When the vendor registers in the Developer Portal they provide email information which is seen by customers when they install the integration. That is why this email and contact information must be publicly reachable. That is also why it makes sense to have a specific account from which all your integrations are delivered.

See Getting Started with the Dev Portal for information.

The Future is Bright(er)

Forward Looking Statement applies:

Statements regarding our product development initiatives, including new products and future product upgrades, updates or enhancements represent our current intentions, but may be modified, delayed or abandoned without prior notice and there is no assurance that such offering, upgrades, updates or functionality will become available unless and until they have been made generally available to our customers.

Simplification of Integration Installation

To ensure an optimal customer experience we have a few items which we intend to deliver in 2023. Each of these enable the offset the heavy lift of the installation of any integration from customers to the developer.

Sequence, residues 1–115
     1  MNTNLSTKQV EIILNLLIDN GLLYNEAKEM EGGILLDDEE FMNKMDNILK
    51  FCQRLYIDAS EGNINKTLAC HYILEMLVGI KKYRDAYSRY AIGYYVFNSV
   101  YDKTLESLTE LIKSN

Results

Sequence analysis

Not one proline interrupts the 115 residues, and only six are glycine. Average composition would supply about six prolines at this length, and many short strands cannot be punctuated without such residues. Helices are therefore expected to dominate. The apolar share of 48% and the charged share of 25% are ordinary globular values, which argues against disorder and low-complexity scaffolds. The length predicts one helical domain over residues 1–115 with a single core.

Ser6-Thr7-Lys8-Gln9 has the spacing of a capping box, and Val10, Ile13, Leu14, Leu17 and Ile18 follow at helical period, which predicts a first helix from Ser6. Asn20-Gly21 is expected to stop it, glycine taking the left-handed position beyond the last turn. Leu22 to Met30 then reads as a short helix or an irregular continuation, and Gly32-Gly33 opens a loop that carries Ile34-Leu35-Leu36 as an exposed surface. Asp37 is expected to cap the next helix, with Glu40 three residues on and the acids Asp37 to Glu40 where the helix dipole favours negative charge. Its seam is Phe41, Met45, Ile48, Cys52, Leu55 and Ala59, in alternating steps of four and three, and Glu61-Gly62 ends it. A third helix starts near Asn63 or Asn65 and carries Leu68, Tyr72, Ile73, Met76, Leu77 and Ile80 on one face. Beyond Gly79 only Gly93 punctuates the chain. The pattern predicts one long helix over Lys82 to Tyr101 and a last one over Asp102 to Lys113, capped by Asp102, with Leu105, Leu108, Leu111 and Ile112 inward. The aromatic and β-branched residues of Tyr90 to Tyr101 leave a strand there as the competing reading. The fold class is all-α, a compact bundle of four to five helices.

Auto-Install of REST Users with Privileges

Integrations using the REST API require association with a REST integration user who has the necessary system role privileges (never a System Administrator Role!!!).

The REST APIs identify with entitlements while the systems identify with privileges. This complicates installation of REST integrations not using Three Legged OAuth (3LO).

Late 2023 we intend to release a "manifest" model for integrations which, amongst other useful data points, identifies the entitlements required by an integration. This manifest will be used on Administrator request to install an integration to display important information about the integration to the Administrator - notably the privileges requested by the integration developer.

The now informed Administrator may choose to install the integration at which time the REST integration user is created with the necessary privileges.

No interaction on the part of the Administrator other than reviewing and accepting the installation!

LTI and REST share JWT for authN